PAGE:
HOWTO follow FDNY radio scanners in an emergency


During last night's storm emergency, I monitored the FDNY scanners to try and follow fast-moving and difficult-to-obtain details about what was happening where in NYC. For future reference, is an excellent way to do that (provided you have power and internet access). Along with that, you'll want to have two browser tabs open, for a cheat sheet on the codes the first responders use: Box Codes (find the location of the fire alarm boxes people use to get an FDNY response in an emergency), and FDNY 10 codes (shorthand developed in 1937 for common communication among first responders).

One good thing to keep in mind: not everything you hear on the scanner is confirmed fact. By definition, the first responders are often working with incomplete and unconfirmed calls for help, and chaotic situations. That, combined with the fact that it can be hard to understand what they're saying, make careful listening and sharing essential.


  1. I haven’t seen one of those corner fire call boxes in years. They still have them in New York? They never had very many down here and they got rid of them because they were a source of false alarms and somebody with a cell phone would be around anyway.

    Pretty cool article. 

  2. Xeni, your post last night inspired me to tune that in as well, after finding nothing on HF (shortwave).
    I wanted to let your readers know that the resource you mentioned is available via smartphone apps, too. Just search “scanner” or “radio scanner” in your favorite app marketplace.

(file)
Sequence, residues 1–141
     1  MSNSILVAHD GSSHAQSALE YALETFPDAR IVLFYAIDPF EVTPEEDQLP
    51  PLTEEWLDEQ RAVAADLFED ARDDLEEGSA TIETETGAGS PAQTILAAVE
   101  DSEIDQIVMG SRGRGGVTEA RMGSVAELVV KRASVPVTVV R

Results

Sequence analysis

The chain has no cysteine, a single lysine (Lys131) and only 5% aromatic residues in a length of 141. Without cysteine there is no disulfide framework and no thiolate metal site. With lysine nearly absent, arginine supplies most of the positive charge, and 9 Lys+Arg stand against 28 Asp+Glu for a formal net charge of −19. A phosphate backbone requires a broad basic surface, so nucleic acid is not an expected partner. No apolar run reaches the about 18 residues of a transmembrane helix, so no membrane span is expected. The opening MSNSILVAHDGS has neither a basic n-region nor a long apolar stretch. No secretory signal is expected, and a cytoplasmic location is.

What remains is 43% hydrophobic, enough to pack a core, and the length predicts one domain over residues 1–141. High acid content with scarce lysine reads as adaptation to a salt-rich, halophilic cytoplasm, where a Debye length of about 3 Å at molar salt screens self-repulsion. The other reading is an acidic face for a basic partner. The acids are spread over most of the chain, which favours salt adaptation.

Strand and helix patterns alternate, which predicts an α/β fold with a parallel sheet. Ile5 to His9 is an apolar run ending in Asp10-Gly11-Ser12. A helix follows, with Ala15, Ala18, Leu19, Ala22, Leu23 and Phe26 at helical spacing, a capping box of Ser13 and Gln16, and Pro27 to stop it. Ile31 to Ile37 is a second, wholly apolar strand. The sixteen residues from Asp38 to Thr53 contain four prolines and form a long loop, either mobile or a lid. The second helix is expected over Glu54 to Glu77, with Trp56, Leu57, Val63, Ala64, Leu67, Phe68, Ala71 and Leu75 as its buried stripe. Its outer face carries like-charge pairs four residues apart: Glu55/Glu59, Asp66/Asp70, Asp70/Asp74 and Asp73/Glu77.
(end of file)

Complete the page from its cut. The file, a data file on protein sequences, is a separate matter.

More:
1. I didn’t want to play favorites either but the one I have on my iPhone and Kindle Fire is Scanner Radio Deluxe. It is the only one I’ve tried but I’m satisfied with it. I have the free version on one of my devices and I think I paid a few bucks for the other one, both are fine. It’s fun to have access to local AND distant police/fire/EMS/amateur etc.

  3. There are a number of free Android and iOS apps which will provide feeds from internet-connected scanners.

    I’m listening to the NYFD feed for Bronx, Brooklyn, Manhattan, Queens, and Staten Island on my Nexus 7 using the very popular (10MM+ downloads) ‘Scanner Radio’ written by Gordon Edwards available from Google’s Play Store.

    I’ve got ‘5-0 Radio Free’ on the company iPhone. It works, but Gordon’s app is cleaner/better, IMHO.

  4. Just wanted to point out that while radio “10” codes are very common, they are not standardized between services or cities. They may also be changed from time to time as a way to disrupt ambulance chasers, and provide a measure of security and privacy. One case I heard of was a paramedic from one service working temp in another city called in a 10-200 (stopping for coffee) not knowing that in that area a 10-200 was “shots fired, medic/officer down”
    Very important to not assume that the guy using the code even knows what it is. Never make decisions based on info from a scanner, unless you are 100% sure you heard correctly, and the info is in plain english, no jargon or codes.

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